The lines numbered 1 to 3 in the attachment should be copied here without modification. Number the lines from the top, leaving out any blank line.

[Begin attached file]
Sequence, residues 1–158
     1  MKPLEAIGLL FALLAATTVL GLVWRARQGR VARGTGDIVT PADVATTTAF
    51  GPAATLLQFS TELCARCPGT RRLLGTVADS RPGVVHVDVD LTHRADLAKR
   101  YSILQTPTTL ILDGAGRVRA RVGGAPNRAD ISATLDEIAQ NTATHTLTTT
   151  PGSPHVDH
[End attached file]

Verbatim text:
Sequence, residues 1–158
     1  MKPLEAIGLL FALLAATTVL GLVWRARQGR VARGTGDIVT PADVATTTAF
    51  GPAATLLQFS TELCARCPGT RRLLGTVADS RPGVVHVDVD LTHRADLAKR